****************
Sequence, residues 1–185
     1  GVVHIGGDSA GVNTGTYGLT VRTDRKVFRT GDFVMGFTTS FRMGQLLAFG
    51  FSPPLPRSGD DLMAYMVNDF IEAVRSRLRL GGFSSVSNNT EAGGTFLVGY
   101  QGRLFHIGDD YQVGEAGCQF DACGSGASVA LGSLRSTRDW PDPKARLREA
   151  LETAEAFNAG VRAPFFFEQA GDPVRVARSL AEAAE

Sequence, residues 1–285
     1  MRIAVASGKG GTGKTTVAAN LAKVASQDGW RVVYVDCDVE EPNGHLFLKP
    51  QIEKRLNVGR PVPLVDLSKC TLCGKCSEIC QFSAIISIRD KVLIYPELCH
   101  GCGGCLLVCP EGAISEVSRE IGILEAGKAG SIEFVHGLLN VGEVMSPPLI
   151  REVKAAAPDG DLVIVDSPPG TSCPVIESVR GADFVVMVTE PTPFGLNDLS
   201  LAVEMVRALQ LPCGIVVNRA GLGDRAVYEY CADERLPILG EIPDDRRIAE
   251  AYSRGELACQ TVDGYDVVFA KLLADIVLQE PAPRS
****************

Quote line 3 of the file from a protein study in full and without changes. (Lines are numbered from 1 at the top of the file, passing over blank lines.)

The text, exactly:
    51  FSPPLPRSGD DLMAYMVNDF IEAVRSRLRL GGFSSVSNNT EAGGTFLVGY